Rising fuel prices have prompted American drivers to change their lifestyle habits

According to a new report, many Americans are driving less cars, reducing the number of shopping trips they take and even eating out because of higher gas prices.

In a survey of more than 1,000 adults, more than half — 64% — said they had changed their driving habits or lifestyle since March to ease pain at the pump.

Eighty-eight percent of those drivers drove fewer cars, while 74 percent were combining errands and 56 percent cutting back on shopping trips or eating out, according to data from the American Automobile Association. Volatile gas prices have also forced 29% of motorists to postpone vacations.


Also, a recent Fox News poll showed that more than half of voters surveyed said they changed their summer travel plans because of gas prices.

The national average retail price of regular gasoline is down 17 cents from last week and is $4.32 on Tuesday, down 69 cents from a record high of $5.01 a gallon on June 14, according to AAA data.

A customer pumps gas at a station in Connecticut. (Fox Business/Daniela Genovese)

For the past 42 days in a row, prices have seen a steady decline driven by lower domestic demand for gasoline and lower crude oil prices. However, the national average on Tuesday is $1.17 more than it was a year ago, according to the AAA.

“Crude oil prices fell last week as the market continues to be concerned that weak demand, which was expected to remain strong throughout the summer, may continue to drive prices lower,” AAA spokesman Andrew Gross said on Monday.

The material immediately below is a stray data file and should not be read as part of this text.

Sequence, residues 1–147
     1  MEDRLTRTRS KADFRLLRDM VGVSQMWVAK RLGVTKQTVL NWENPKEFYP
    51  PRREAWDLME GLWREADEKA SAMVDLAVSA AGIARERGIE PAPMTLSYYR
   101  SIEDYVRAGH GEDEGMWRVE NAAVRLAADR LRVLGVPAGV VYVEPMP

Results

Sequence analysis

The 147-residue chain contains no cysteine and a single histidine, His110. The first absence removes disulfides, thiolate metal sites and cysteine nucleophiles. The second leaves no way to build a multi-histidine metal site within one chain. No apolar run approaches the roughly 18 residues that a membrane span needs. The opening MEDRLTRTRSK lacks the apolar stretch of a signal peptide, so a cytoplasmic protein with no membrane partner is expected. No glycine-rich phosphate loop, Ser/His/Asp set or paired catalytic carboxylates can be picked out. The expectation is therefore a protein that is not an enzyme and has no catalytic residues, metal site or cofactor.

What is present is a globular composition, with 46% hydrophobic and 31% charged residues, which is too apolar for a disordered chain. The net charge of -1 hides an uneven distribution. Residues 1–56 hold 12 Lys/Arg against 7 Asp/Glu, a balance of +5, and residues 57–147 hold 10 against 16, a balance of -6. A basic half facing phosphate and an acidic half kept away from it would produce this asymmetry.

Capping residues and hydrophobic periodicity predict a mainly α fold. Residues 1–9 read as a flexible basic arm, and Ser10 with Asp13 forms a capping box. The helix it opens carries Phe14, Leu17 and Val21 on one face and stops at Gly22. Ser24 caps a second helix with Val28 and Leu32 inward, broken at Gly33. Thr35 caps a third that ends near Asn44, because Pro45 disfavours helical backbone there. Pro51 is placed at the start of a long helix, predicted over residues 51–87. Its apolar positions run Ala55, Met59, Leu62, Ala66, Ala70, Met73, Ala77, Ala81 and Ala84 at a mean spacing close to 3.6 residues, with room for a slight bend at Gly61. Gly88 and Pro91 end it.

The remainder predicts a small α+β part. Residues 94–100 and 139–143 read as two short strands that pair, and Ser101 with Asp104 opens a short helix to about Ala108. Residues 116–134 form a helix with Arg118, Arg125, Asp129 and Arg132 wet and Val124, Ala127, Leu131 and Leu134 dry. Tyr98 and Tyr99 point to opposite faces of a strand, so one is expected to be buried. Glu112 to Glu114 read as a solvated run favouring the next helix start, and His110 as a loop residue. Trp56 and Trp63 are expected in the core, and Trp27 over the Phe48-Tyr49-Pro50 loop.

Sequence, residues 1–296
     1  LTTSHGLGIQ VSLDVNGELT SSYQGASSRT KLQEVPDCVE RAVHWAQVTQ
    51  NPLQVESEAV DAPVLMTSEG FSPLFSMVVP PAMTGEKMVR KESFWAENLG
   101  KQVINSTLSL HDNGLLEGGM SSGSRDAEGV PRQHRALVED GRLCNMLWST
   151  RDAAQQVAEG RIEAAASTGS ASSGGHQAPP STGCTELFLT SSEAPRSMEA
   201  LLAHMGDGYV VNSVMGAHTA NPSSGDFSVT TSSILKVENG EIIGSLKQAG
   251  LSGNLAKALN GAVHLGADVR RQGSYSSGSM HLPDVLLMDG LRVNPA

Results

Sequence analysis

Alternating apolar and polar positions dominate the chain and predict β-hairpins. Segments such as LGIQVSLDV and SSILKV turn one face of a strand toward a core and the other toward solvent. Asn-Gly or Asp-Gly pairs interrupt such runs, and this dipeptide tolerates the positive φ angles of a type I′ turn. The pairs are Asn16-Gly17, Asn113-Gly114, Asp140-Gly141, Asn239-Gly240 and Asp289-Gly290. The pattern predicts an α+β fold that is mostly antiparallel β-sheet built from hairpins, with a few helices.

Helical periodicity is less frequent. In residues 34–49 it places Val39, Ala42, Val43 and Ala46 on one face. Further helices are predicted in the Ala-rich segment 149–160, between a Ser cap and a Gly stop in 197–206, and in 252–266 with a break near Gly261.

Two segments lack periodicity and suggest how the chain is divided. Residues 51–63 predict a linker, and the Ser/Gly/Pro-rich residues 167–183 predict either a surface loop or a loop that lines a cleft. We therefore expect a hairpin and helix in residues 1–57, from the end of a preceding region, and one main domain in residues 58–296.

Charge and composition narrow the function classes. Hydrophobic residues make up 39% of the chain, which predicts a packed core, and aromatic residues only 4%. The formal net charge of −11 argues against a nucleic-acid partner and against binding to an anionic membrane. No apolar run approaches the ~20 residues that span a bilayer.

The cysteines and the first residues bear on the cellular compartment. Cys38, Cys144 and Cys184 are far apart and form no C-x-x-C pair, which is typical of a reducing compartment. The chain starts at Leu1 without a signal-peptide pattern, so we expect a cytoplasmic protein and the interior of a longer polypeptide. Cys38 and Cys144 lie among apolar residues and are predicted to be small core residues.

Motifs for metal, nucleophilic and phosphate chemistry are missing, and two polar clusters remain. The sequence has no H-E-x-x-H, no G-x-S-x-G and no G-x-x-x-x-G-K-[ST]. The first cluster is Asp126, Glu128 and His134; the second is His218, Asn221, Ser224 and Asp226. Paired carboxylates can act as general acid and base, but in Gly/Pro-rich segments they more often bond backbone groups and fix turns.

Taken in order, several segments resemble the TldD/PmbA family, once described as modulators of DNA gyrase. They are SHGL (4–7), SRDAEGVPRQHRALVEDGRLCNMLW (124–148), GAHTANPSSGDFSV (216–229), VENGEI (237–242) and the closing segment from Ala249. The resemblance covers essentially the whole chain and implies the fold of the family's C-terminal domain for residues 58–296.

Biden official directs Iran nuclear deal as a way to lower US gas prices

If crude oil prices remain below $100 a barrel, demand remains flat, and if there is a mild hurricane season, prices are likely to continue lower, Gross told FOX Business. Oil accounts for nearly 60% of what a person puts into the pump, according to the Energy Information Administration.

Even with this easing, prices are still 40% higher than the average of the last 46 summers when adjusted for inflation, said Stephen Schork, president of the Schork Group for FOX Business, which means consumers will continue to change their driving habits.

Get your FOX business on the go by clicking here

Specifically, Schork predicts that gasoline demand will continue to decline as cash-strapped consumers prioritize spending on food as prices rose 10% year-over-year in June and “keep the lights on.”

Leave a Reply

%d bloggers like this: